• However, according to one embodiment of the present invention, shown in FIG. 4B, if the user were to use two fingers 422, or similar selection objects, he or she may only be required to move his or her fingers 422 across the touchpad 450 once (e.g., one inch) in order to move the displayed cursor 410 the same distance (e.g., ten inches). In particular, when the user uses two fingers 422 to provide a tactile input at the first touch location 451 and to then move the tactile input to the second touch location 452, the electronic device may translate the displayed cursor, such that the cursor is moved from the first display location 401 all the way to the second display location 402. Continuing with the above example, in this instance where the user moves two of his or her fingers (or similar selection objects) one inch across the touchpad, the electronic device (e.g., processor or similar means) may respond to this gesture by moving the displayed cursor, for example, ten inches (instead of only five) across the display screen (or five times the distance between the first and second touch locations multiplied by the number of tactile inputs, or two) in roughly the same direction. As can be seen, according to embodiments of the invention, the distance between the first and second display locations may, therefore, be proportionate to the number of fingers, or other selection objects, used to provide the tactile input(s) and movement thereof. While the above refers to the use of only one and two fingers, or other selection objects, as one of ordinary skill in the art will recognize, a similar result may occur when a user uses three, four, five, or more fingers, or other selection objects, wherein the distance moved by the displayed cursor continues to increase proportionately depending upon the number of fingers, or other selection objects, used.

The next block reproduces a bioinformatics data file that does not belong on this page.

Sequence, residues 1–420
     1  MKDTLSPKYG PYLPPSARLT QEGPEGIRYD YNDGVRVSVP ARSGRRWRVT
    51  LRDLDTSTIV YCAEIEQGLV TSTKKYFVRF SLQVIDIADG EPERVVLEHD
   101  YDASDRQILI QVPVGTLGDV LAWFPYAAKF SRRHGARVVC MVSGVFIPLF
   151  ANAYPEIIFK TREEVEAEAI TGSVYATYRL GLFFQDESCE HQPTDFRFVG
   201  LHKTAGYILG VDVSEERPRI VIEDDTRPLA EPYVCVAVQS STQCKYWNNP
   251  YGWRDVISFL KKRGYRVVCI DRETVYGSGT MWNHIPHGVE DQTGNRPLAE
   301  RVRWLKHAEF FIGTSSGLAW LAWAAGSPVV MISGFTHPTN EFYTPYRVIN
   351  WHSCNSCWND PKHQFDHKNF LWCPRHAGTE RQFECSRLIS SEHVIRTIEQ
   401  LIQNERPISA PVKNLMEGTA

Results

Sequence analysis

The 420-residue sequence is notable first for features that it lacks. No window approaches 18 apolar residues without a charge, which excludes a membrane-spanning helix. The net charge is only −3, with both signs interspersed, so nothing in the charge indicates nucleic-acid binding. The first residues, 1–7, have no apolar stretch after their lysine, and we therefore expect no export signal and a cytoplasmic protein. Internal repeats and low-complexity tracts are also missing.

• As shown in FIG. 4C, the user can use this embodiment of the present invention to choose between coarse movements of a displayed image 461, which occur when a user uses more fingers, or similar selection objects, and fine movements 462, which occur when the user uses only one.
  • Method of Adjusting Features/Parameters of Electronic Device
  • Referring now to FIGS. 5 through 6C, the operations are illustrated that may be taken in order to adjust a feature or parameter of the electronic device using varying numbers of tactile inputs in accordance with another embodiment of the present invention. As shown in FIG. 5, this process may begin at Block 501 when the electronic device (e.g., processor or similar means operating on the electronic device) displays an icon representing an adjustable feature or parameter of the electronic device. This feature or parameter may include, for example, the volume of the electronic device, the brightness, zoom level, or other feature associated with the electronic device display screen, just to name a few. As one of ordinary skill in the art will recognize, the displayed icon may represent any adjustable feature or parameter associated with the electronic device. As such, the foregoing examples are provided for exemplary purposes only and should not be taken in any way as limiting the scope of embodiments of the present invention.
  • When the user wishes to adjust the feature or parameter represented by the icon (e.g., change the volume, brightness, zoom level, etc. associated with the electronic device), he or she may select the icon using a number of selection objects (e.g., fingers, styluses, pens, pencils, etc.) that corresponds to the adjustment specific they desire to make. For example, placing one finger, or similar selection object, on a volume icon may result in a decrease in the volume, while placing two fingers may result in an increase, and the placement of three may result in turning the volume mute on or off. The electronic device and, in particular, the processor or similar means operating on the electronic device, may, at Block 502, detect these tactile input(s) at or near the location at which the icon is displayed using any of the known techniques discussed above with regard to FIG. 3. Once detected, the electronic device (e.g., processor or similar means) may determine the number of tactile inputs detected (at Block 503), and then use this information to adjust the feature or parameter represented by the icon (at Block 504). In particular, according to one embodiment, the electronic device (e.g., processor or similar means) may access a database or listing of each adjustable feature or parameter and the action corresponding to each possible number of detected tactile inputs supported by the electronic device. FIGS. 6A, 6B and 6C illustrate the use of one 611, two 612 and three 613 fingers, respectively, in order to select the icon 601 displayed on the electronic device display screen 600. By using varying numbers of tactile inputs to adjust a feature or parameter of the electronic device, embodiments of the present invention may reduce the number of steps a user is required to take, as well as the number of sub-icons and images that are required to be displayed during this process.